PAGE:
At the proclaimed small harbours on the Cape west coast and Cape Town coastline, we found that most of the government-owned properties were not fully utilised, were neglected and often got vandalised by communities. This led to loss of potential income, high costs to government to provide security services, and on-going rates and tax debt that must be paid to municipalities. The local, district and metropolitan municipalities where the small harbours are situated depend on these rates and taxes as revenue. Needless to say, municipalities with vast coastlines in the coastal provinces such as Northern Cape, Eastern Cape and KwaZulu-Natal were losing vital revenue without proclaimed harbours.

With regard to Robben Island Museum, prior to the oversight visit, the committee received numerous complaints regarding the maintenance and management of government property within the heritage site. The committee wanted to collect the relevant information through this visit so that recommendations could be made to the relevant departments to improve their mandated functions and correct the situation.




3.1The Mandate of the DPWI - the relationship with the PMTE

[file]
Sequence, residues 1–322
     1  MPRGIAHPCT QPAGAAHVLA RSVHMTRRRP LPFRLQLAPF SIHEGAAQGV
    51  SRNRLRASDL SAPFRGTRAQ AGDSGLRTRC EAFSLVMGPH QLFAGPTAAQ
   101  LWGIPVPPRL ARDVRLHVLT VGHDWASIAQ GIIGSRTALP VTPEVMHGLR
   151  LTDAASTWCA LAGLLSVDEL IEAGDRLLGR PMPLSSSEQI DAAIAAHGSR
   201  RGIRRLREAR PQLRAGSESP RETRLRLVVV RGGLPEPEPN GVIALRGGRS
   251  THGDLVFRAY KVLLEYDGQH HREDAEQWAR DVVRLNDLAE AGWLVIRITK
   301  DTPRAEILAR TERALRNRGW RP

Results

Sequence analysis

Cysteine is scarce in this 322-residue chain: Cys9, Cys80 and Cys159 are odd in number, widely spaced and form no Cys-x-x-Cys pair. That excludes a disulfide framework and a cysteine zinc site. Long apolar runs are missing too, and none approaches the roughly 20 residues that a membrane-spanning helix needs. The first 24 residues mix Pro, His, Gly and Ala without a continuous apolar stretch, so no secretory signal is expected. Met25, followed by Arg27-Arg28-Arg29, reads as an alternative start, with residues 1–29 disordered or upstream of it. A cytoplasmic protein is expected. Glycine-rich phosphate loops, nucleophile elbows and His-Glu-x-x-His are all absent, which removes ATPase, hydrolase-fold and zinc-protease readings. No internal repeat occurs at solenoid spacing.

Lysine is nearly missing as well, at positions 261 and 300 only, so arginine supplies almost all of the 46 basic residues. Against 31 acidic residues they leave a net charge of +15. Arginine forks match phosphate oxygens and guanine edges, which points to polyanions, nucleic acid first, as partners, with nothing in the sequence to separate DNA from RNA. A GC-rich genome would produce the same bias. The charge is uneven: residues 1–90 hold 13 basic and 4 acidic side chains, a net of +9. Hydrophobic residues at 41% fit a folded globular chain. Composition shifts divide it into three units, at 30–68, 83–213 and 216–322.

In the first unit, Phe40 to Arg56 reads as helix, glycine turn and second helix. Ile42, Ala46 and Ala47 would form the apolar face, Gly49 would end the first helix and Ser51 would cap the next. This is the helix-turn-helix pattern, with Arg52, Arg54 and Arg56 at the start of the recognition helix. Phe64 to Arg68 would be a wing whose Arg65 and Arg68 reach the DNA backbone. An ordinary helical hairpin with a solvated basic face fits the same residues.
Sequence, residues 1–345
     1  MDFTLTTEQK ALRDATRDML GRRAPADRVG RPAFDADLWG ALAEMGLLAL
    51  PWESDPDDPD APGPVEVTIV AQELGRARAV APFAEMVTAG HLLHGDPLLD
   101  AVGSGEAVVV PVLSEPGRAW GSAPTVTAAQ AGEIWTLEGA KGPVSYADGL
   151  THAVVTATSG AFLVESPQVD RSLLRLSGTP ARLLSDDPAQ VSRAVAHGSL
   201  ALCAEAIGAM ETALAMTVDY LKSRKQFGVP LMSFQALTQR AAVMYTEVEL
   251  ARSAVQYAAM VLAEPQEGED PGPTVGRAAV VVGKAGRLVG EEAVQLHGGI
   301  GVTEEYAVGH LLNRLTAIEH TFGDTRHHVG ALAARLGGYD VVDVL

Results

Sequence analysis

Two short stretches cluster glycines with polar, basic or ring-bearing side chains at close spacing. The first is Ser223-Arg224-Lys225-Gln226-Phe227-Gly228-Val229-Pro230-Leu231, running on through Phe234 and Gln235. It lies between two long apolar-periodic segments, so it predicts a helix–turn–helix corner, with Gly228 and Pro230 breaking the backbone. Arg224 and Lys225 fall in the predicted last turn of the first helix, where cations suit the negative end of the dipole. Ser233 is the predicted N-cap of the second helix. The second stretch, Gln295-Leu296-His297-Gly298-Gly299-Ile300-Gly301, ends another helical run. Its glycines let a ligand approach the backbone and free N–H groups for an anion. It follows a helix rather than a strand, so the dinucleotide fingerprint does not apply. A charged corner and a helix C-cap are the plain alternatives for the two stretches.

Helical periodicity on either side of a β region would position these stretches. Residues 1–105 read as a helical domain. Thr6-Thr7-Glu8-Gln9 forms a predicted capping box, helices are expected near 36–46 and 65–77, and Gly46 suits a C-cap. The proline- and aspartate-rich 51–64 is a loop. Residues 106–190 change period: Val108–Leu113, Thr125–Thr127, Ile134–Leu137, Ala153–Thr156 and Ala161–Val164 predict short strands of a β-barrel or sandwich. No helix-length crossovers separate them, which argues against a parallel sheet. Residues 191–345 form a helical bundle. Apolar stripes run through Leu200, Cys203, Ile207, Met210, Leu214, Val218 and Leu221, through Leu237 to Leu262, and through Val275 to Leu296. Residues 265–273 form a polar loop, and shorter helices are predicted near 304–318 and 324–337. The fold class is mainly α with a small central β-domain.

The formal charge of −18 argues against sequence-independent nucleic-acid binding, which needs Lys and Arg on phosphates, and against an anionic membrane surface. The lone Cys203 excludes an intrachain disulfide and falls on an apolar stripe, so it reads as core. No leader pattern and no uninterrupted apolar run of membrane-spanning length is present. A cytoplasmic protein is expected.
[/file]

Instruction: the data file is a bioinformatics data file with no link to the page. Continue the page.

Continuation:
The DPWI is the custodian and manager of governments’ immovable assets. This includes the acquisition, maintenance and disposal of such assets. The DPWI is further responsible for the determination of accommodation requirements, and rendering expert built environment and maintenance services to client departments.

As part of the turnaround strategy that started in the 2011-2012 financial year the former Department of Public Works (DPW[1]) operationalized the Property Management and Trading Entity (PMTE) as an internal component within the Department in the 2014-2015 financial year. With this establishment, the responsibility for the Immovable Asset Register, and the key tasks of the DPW as the custodian and landlord of state property were transferred from the DPW to the PMTE.